Families adjust to ever-changing plans
By Rachel Otwell
Published August 20, 2020
Painting by Felicia Onen
John Freml never anticipated squaring off with the Springfield public school district over pajamas. Among the details to work out for the coming school year, District 186 updated its student handbook. Per the guidelines, students can’t wear pajamas during the school day, even when school is happening at home. “My first instinct was just how ridiculous it sounded,” said Freml.
Freml has a deep understanding that for some kids, life isn’t easy. “I’ve seen and heard some really heartbreaking things.” That includes what his own children have lived through. He and his husband adopted a son and daughter last year, after first fostering them. “A lot of kids in Springfield are going through similar or even worse than what my kids were going through before they came to live with us.”
While the talk of pajamas earlier in August swiftly rotated out of the news cycle, the issue is indicative of the myriad ways the new coronavirus has brought up a host of contentious issues when it comes to the way students learn mid-pandemic. Families and school staff have sought clarity over the summer months as leadership has coordinated shifting plans. And teachers and staff have taken hundreds of questions to the administration demanding answers. For a district with more than than 30 schools, and some 14,000 students enrolled last year, there are no easy answers, and perhaps no great ones.
Plans are anything but uniform across the state. About 24% of the school districts who responded to an Illinois State Board of Education survey will offer remote learning to begin the school year, 30% will have in-person learning and 46% will offer a blended model.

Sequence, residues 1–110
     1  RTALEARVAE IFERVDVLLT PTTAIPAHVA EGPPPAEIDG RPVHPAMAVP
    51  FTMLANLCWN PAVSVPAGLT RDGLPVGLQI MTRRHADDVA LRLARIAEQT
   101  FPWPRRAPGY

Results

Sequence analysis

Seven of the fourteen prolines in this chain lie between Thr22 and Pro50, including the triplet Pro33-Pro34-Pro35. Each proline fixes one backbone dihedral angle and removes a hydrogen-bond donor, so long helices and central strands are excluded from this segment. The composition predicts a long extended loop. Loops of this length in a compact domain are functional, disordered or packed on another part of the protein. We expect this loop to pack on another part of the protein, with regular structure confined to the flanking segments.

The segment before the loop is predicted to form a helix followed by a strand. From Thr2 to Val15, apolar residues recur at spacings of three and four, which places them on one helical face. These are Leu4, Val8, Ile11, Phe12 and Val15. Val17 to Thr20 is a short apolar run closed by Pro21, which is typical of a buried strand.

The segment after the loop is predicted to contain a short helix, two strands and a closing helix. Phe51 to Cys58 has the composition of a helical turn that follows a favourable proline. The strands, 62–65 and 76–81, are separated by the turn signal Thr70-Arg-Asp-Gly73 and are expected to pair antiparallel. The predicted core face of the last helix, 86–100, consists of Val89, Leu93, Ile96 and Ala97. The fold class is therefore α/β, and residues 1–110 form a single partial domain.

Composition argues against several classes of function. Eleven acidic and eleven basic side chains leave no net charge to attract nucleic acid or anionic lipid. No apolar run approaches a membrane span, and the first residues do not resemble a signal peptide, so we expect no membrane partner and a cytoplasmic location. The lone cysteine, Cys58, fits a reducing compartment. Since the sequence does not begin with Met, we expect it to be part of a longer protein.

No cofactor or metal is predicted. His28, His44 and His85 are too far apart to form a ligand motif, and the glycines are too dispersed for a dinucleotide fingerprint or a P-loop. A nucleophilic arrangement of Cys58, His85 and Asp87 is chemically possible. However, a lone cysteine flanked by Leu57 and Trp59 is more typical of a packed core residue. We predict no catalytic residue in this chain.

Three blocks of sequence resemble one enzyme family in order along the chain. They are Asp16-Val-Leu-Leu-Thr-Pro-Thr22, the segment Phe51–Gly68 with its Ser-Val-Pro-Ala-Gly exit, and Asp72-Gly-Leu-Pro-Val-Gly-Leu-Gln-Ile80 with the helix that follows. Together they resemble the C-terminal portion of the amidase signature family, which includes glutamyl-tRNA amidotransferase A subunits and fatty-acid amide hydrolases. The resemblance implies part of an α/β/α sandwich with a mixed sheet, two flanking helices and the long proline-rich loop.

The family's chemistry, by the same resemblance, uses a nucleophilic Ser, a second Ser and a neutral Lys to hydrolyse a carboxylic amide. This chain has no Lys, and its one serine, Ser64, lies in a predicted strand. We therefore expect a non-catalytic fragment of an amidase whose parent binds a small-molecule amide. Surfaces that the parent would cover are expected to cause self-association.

In March, with short notice, all learning in Illinois went remote, or at-home, as a result of statewide mitigation efforts as COVID-19 began to spread. In Sangamon County, there have now been more than 1,500 confirmed cases. The county, as of the week of Aug. 2 through 8, was at a positivity rate of 6%. State officials have set a positivity rate of 8% for three or more days as the benchmark for when further restrictions should be implemented. For now, Sangamon County is in phase four of the state’s reopening plan, which allows for gatherings of 50 people or less and for schools to reopen. But opening schools has proven to be easier said than done in districts such as Springfield’s.
Return to Learn
On Aug. 3, the Springfield school board approved its “Return to Learn” plan, which included models for both hybrid/blended and remote/at-home learning. The so-called “hybrid” model would have students in class some days of the week, while at home on others. Several working groups had begun to meet in spring to go over topics such as social and emotional wellness and human resources among other practicalities.